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The Scientific World Journal
Volume 2013 (2013), Article ID 584504, 7 pages
http://dx.doi.org/10.1155/2013/584504
Research Article

Soluble RAGE Plasma Levels in Patients with Coronary Artery Disease and Peripheral Artery Disease

1Interdepartmental Center of Research in Molecular Medicine (CIRMC), University of Pavia, 27100 Pavia, Italy
2Department of Cardiology, “Istituti Clinici di Pavia e Vigevano” University Hospital, 27100 Pavia, Italy
3IRCCS San Donato Hospital, San Donato Milanese, 20097 Milan, Italy
4Department of Internal Medicine, IRCCS Policlinico San Matteo, 27100 Pavia, Italy
5Department of Clinical and Experimental Medicine, University of Insubria, 21100 Varese, Italy
6Department of Vascular Surgery, “Istituti Clinici di Pavia e Vigevano”, University Hospital, 27100 Pavia, Italy

Received 20 August 2013; Accepted 12 September 2013

Academic Editors: P. Ferroni and S. Ueda

Copyright © 2013 Colomba Falcone et al. This is an open access article distributed under the Creative Commons Attribution License, which permits unrestricted use, distribution, and reproduction in any medium, provided the original work is properly cited.

Abstract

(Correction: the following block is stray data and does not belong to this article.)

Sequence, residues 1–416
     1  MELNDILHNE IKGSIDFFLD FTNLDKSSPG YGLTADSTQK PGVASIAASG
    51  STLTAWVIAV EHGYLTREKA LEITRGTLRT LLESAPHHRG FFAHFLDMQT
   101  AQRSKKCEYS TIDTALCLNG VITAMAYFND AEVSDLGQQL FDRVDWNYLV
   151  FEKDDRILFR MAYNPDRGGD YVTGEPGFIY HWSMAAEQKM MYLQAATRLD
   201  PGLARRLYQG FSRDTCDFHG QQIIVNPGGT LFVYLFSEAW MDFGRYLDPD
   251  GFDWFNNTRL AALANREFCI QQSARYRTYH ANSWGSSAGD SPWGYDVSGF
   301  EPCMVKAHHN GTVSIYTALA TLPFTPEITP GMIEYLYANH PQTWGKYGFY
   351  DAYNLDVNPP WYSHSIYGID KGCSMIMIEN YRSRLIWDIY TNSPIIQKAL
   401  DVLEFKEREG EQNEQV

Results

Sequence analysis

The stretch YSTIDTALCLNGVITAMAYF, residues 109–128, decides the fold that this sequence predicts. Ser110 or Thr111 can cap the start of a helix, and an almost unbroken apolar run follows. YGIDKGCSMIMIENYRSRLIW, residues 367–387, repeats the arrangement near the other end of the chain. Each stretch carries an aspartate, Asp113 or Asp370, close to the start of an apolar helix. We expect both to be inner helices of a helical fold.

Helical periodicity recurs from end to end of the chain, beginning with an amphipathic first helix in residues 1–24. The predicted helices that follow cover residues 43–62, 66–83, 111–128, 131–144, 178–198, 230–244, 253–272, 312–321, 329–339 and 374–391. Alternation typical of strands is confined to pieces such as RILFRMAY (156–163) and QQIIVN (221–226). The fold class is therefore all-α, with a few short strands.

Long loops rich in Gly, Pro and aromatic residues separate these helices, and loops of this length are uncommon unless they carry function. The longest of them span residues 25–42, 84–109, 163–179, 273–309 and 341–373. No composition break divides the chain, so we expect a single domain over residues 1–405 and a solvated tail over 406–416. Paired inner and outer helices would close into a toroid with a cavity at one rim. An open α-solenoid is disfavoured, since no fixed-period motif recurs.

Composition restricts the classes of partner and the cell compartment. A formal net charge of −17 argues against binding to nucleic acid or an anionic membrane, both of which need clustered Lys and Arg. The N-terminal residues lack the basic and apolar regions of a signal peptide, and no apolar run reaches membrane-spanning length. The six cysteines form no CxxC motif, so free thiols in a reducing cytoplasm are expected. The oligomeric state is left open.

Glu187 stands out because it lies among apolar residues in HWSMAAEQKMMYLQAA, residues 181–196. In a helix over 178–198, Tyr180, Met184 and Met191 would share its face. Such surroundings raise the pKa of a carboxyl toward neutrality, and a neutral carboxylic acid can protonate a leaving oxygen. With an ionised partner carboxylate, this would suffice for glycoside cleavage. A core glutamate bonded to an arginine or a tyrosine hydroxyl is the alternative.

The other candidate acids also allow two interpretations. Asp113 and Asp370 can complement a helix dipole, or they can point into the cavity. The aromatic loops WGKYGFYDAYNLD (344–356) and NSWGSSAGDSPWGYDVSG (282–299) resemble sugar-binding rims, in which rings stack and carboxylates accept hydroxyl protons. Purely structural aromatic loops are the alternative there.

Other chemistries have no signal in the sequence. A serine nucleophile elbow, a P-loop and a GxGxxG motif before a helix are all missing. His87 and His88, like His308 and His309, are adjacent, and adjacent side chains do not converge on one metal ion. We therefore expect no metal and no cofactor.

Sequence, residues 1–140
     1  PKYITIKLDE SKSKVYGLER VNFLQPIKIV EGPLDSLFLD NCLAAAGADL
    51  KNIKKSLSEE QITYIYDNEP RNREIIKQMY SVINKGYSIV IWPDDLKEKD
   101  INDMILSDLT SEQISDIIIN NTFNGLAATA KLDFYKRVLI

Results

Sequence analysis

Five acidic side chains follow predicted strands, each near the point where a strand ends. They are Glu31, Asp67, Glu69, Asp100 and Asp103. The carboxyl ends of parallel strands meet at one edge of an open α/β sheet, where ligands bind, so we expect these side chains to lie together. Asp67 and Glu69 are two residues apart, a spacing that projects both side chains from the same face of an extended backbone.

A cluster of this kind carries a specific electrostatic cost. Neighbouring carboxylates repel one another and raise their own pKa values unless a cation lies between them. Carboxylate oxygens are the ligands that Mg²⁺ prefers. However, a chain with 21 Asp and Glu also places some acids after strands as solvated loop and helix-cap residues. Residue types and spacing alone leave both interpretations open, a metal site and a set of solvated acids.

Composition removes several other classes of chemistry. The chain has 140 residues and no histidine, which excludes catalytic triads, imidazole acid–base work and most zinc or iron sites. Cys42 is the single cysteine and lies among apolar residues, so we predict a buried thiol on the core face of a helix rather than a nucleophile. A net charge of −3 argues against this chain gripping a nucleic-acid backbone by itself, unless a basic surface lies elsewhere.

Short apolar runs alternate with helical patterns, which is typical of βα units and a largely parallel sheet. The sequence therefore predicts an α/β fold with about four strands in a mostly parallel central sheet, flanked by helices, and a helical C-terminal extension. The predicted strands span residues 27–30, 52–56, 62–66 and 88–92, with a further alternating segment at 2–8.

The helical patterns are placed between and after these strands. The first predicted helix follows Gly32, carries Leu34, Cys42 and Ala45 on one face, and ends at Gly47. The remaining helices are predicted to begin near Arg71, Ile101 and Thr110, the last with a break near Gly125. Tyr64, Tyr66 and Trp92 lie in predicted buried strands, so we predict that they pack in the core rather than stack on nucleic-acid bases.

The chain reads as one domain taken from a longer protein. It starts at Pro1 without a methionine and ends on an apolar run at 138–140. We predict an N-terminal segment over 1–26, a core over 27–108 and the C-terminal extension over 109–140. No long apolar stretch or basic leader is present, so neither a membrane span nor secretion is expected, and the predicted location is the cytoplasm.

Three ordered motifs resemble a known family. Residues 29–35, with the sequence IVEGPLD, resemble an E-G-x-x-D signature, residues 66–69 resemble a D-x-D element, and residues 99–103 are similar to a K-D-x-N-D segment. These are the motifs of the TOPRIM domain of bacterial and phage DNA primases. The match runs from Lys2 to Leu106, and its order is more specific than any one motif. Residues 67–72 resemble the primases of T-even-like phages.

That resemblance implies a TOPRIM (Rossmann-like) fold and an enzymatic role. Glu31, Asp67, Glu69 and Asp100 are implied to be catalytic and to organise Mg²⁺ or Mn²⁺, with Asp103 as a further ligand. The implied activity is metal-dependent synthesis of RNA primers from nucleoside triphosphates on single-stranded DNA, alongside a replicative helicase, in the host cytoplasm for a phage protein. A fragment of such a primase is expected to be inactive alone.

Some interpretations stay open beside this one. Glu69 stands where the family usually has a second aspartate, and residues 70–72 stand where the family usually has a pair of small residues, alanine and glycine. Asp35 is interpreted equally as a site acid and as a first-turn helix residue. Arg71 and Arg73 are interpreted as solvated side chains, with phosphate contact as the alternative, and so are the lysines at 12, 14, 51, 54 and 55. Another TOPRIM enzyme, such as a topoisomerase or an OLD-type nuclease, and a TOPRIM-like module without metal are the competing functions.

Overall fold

The objective of the present study was define in a relatively large patient population with coronary artery disease (CAD) whether the concomitant presence of peripheral artery disease (PAD), which is known to convey additional cardiovascular risk, was associated with different circulating levels of sRAGE with respect to CAD alone and control subjects. Clinical and laboratory parameters including the ankle brachial index (ABI) and sRAGE (enzyme-linked immunosorbent assay kit) were investigated in 544 patients with angiographically documented CAD and 328 control subjects. 213/554 CAD patients (39%) showed an ABI <0.9 associated with typical symptoms (group CAD + PAD), whereas 331 patients were free from PAD. The concentration of plasma sRAGE was significantly lower ( ) in CAD population, with and without PAD, than in control subjects. Among CAD patients, those with PAD showed lower levels of sRAGE. The distribution of the three groups (CAD, CAD + PAD, and controls) according to sRAGE tertiles showed that lower levels were more frequent in patients with CAD and CAD + PAD, whereas higher levels were more frequently found in controls. CAD patients presenting with PAD have lower sRAGE levels than CAD patients without peripheral atherosclerosis showing that stable atherosclerotic lesions in different vascular districts are inversely related to soluble decoy receptor sRAGE.